I recently had the opportunity to connect with a friend from high school who like me, is a cancer survivor. We met for a bite to eat and to talk about where life had taken us over the past eight years. When we got around to chatting about the "C" word we both agreed that the toughest part of surviving cancer was being a survivor.
I shared with him that even talking with him about my past disease made me feel as though I was poking the devil and feared that sharing my story was somehow throwing off a smoke signal to the cancer gods that perhaps they should stop by my house again. I also shared with him how after I survived for the next 13 months of my life I felt invincible and worse yet -- worthless. How to this day I fear that cancer has left me a shell of a partially empathetic man. That somehow when that needle pierced my skin and sunk deep into my vein, my sympathy for others may have died along with my cancer. We both agreed that the toughest part of cancer was being a survivor.
I have written before about what my oncologist calls "survivorship." I suppose if we were to look it up Webster would tell us "the act of moving on with life -- cancer free." (I have no idea what Webster says about the subject, nor am I going to look it up. I am qualified to define it for you.) Survivorship is the ability to walk through life with the knowledge that you survived something that you probably should not have. Something that millions of others have not. It is the ability to wake up in the morning and not allow your mind to convince you that all that was special within you died alongside your illness. It is the knowledge that for some reason you have been given a chance to connect with a whole new segment of civilization and now carry an arsenal of experience and stories. Quite simply survivorship is the ability to not give up after giving your all. Oh yeah, it is definitely a verb.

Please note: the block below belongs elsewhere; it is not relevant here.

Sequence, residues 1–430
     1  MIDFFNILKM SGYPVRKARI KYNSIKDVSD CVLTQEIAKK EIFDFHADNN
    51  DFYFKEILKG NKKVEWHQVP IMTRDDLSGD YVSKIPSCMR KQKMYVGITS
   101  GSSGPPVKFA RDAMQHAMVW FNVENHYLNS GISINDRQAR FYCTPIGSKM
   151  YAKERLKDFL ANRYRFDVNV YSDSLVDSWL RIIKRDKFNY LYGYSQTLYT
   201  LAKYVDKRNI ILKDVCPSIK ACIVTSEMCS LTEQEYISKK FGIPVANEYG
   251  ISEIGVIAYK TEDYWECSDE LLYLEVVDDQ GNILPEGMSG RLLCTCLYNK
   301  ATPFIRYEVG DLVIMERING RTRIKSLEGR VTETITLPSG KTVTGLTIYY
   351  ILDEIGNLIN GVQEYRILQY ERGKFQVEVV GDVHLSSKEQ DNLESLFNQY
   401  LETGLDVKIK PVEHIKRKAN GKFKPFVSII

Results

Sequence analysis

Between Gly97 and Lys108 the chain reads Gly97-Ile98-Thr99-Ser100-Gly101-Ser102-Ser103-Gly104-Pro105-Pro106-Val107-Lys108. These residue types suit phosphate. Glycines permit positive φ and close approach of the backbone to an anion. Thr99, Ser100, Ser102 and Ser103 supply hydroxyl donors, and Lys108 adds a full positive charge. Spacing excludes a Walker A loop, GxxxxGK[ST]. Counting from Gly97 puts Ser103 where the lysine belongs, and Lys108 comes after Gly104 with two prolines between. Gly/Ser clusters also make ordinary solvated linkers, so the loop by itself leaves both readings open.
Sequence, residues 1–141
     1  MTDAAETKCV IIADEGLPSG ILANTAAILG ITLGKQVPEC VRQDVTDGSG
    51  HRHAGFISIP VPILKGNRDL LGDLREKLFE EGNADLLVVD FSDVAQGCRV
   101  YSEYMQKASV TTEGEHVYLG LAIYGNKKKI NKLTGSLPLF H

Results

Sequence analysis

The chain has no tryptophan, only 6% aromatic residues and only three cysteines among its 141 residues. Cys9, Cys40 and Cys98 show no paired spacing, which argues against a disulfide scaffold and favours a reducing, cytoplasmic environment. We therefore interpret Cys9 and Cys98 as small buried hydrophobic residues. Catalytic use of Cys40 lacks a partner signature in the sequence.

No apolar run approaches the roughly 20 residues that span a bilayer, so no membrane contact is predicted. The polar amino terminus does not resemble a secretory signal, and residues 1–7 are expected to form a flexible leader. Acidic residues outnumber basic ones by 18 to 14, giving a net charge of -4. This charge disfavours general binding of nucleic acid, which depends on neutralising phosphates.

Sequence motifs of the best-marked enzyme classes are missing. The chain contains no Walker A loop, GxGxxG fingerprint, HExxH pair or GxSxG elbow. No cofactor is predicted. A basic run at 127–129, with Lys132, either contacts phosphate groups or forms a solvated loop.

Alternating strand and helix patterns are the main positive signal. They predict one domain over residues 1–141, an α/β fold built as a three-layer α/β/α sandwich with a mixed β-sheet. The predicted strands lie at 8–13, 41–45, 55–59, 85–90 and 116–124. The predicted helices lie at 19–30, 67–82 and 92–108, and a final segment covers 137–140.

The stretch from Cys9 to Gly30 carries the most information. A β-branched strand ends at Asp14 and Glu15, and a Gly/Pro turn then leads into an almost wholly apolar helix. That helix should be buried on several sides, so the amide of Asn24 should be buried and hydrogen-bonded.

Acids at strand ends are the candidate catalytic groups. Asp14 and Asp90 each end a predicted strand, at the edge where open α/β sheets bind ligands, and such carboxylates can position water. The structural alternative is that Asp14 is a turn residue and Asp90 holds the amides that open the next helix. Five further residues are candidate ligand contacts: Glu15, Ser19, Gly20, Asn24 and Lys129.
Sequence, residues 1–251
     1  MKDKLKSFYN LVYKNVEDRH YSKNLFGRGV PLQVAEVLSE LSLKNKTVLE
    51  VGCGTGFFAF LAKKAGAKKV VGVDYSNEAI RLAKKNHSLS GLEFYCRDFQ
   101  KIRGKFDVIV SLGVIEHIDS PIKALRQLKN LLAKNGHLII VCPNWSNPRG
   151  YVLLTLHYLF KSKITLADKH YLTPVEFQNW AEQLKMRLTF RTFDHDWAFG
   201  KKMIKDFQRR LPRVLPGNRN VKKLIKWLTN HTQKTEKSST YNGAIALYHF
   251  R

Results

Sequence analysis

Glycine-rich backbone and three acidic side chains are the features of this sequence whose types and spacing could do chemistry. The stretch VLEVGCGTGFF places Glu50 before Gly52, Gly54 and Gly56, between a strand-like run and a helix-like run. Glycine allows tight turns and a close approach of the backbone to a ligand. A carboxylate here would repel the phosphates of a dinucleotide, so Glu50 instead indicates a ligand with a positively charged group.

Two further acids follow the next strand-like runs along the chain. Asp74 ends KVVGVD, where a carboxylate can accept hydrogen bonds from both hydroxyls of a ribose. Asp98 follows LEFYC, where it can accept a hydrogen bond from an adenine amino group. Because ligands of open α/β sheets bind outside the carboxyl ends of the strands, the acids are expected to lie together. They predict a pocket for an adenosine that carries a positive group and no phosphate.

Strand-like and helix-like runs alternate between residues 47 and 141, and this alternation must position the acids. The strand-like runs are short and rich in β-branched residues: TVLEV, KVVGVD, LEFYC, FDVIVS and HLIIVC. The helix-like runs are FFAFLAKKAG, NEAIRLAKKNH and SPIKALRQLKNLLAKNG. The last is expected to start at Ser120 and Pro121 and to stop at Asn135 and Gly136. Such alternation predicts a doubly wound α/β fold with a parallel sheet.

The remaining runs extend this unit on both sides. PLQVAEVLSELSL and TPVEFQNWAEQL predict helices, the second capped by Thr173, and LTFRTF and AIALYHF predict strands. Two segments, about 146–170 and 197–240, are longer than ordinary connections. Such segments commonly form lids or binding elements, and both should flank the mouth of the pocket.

I find it hard to believe that 13 years ago I was walking this planet with a molotov cocktail of chemo and cancer. I had a strong belief that cancer was a very strange gift that would eventually allow me to relate with thousands of people that I would have never been able to, had it not been for the odd looking masses that filled my chest.
I knew back then that cancer was a new relationship that was forming and I had a few simple choices to make. Live and accept the lessons my disease was going to teach me or, die and miss out on the lessons that I had an opportunity to learn.
Writing a blog about survivorship still scares me. Bragging that I survived and attempting to influence you the reader into not giving up after giving your all - scares me. Here is one of the things I have learned...I deserve to tell you my story, and if done correctly, it may encourage you.
I'm not poking the cancer gods by sharing my story I'm simply thanking them for the lessons I learned while sitting under that bag of chemicals and radioactive camera. All I'm doing is saying, "I have given my all, but I'm not giving up." I encourage you to do the same with whatever battle you are facing. Battles bring two chances, one for victory, one for defeat. The opposing side may have more muscle, intimidation tactics, and seemingly the ability to take your hope -- but I encourage you to accept the challenge and push forward. Give it your all. Rest when you need to. Ask for help when you need it. And when the end of the battle has come -- share your story. Give your all and please, don't ever give up. Someone needs to hear your story.
David Pride is a professional youth speaker, owner of Social Impressions a social media agency that specializes in helping businesses prepare to take part in social media, and can be found on Twitter @DavidaPride.